surveillance, privacy, ECHR, data retention, algorithmic surveillance, algorithms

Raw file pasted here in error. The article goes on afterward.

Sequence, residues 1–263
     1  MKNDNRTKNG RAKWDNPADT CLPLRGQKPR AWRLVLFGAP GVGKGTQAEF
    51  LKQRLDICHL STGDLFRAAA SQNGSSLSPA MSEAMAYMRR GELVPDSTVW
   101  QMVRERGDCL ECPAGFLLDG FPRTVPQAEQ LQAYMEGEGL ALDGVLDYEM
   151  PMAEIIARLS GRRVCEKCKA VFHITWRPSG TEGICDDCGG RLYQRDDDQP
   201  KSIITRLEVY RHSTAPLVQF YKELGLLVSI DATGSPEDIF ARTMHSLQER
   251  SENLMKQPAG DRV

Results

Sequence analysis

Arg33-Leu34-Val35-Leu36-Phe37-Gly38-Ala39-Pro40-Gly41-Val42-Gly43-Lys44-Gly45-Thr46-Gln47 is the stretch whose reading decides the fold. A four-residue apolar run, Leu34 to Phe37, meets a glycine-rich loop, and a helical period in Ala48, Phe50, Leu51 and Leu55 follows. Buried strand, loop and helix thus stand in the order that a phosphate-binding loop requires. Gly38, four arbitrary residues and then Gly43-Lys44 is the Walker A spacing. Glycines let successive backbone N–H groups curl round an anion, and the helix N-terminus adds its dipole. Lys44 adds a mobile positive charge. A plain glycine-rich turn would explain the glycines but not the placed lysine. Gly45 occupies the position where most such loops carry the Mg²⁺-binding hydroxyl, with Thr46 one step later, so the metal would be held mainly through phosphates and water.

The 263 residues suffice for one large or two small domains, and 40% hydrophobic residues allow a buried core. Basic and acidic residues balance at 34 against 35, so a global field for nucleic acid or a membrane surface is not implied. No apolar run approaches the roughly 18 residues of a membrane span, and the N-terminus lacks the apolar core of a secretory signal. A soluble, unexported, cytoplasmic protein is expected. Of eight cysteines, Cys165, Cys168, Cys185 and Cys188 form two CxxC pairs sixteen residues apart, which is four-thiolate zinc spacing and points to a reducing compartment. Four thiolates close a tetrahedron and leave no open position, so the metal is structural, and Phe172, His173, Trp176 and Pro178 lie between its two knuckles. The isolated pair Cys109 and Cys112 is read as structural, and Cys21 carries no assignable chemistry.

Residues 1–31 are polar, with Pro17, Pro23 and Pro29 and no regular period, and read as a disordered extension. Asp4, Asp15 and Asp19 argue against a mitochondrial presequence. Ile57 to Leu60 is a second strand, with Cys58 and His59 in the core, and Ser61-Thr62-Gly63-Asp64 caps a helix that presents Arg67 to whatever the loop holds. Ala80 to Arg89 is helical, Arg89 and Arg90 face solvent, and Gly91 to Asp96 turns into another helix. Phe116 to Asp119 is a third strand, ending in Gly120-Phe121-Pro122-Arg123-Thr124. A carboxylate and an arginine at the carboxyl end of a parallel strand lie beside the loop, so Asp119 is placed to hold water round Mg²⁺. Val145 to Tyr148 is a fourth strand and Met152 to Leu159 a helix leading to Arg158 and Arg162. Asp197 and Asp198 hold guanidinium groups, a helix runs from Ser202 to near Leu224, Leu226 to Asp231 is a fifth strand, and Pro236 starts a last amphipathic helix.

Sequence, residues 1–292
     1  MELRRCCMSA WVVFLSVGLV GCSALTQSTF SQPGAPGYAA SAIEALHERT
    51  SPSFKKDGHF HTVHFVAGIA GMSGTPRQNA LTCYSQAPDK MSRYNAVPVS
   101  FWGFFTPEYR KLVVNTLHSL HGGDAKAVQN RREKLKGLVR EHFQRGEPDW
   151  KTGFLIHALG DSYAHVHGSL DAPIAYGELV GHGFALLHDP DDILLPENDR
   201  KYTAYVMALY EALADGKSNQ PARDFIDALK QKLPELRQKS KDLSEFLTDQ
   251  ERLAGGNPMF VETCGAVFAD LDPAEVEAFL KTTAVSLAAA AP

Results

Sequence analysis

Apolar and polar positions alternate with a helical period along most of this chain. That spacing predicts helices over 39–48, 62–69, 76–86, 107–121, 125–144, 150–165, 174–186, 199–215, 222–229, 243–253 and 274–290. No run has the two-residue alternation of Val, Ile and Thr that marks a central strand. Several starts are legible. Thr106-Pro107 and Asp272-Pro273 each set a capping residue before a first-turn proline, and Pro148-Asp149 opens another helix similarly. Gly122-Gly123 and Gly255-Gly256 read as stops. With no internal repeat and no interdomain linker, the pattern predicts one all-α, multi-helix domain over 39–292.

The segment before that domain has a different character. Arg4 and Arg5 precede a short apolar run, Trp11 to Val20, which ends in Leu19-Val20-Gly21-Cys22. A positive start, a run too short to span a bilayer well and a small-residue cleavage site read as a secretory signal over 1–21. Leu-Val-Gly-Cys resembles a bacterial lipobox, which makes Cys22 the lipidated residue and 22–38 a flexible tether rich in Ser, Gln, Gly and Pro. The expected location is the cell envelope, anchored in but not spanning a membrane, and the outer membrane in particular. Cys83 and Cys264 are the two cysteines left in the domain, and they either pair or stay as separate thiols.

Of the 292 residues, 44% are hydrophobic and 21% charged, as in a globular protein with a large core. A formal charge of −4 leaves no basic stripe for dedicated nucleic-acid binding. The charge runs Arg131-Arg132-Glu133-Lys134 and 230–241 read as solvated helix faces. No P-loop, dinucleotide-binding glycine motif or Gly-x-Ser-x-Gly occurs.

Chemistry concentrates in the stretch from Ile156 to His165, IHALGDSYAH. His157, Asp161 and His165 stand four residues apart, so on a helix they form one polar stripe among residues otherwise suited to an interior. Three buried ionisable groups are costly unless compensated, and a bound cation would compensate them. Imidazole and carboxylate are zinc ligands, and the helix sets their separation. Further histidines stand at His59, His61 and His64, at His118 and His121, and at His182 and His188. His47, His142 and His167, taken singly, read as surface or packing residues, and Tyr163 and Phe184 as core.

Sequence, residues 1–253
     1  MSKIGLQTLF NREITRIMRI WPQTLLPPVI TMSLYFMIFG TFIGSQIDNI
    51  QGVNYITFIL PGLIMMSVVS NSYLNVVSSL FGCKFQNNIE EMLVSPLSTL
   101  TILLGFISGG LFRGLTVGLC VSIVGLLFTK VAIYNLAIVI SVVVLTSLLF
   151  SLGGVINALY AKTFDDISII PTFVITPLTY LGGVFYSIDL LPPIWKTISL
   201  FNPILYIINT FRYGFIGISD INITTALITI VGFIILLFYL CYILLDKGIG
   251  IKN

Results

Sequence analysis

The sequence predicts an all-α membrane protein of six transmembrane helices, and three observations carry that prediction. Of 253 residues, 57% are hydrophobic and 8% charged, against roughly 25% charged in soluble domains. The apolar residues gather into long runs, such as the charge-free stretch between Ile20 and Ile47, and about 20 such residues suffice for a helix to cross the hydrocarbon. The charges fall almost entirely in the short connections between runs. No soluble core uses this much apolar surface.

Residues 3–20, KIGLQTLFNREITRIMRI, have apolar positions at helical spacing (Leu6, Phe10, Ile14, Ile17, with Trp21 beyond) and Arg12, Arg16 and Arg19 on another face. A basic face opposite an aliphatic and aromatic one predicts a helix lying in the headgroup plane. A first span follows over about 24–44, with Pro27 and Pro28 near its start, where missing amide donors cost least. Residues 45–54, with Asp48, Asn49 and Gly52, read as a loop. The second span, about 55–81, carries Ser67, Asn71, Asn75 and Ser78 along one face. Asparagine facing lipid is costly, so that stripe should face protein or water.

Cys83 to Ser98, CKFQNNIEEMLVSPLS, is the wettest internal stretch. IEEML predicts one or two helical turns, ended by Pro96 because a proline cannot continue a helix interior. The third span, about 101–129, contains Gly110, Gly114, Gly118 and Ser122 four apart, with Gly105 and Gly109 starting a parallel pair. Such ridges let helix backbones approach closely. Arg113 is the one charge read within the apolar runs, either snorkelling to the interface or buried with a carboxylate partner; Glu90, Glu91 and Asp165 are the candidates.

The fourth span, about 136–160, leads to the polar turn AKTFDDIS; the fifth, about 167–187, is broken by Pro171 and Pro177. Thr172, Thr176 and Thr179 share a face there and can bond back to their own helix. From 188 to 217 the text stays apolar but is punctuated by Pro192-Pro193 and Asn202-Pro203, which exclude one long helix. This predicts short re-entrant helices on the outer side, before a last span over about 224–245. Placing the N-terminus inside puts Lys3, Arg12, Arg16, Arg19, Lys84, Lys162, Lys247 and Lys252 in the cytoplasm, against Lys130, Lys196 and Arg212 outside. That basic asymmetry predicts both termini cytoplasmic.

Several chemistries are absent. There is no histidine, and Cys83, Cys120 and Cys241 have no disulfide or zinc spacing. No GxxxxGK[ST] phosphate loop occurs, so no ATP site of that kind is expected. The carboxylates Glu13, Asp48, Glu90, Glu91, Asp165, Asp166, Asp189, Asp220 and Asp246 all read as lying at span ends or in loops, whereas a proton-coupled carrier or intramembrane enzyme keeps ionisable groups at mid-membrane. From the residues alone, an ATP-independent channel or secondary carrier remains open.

Supporters of increased surveillance see tremendous potential in the ever increasing creation, collection, and retention of personal data. Most acknowledge that the massive collection of information also creates challenges where the collection outpaces the ability to meaningfully process the data. Increased processing power and more finely tuned algorithms are often portrayed as the solution to this haystack conundrum. While a human may struggle to find the needle in an overflowing haystack of disordered information, powerful computers can take a logical and structured approach that will make the haystack eminently more searchable. This article evaluates this premise from a human rights perspective and considers whether algorithmic surveillance systems can be designed to be compatible with the right to privacy. In addition to assessing the incongruity between traditional safeguards (such as foreseeability and accountability) with algorithmic surveillance, this article also confronts the problem of initial collection and addresses the contention that well-defined algorithmic search can effectively limit the intrusiveness of surveillance. Evolution in the case law of the European Court of Human Rights and the Court of Justice of the European Union will be factored into this analysis.